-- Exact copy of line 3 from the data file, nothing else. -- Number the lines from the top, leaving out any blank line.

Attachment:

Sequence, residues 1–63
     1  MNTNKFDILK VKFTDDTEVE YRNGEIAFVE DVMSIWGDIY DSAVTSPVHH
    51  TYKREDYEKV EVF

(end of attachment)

    51  TYKREDYEKV EVF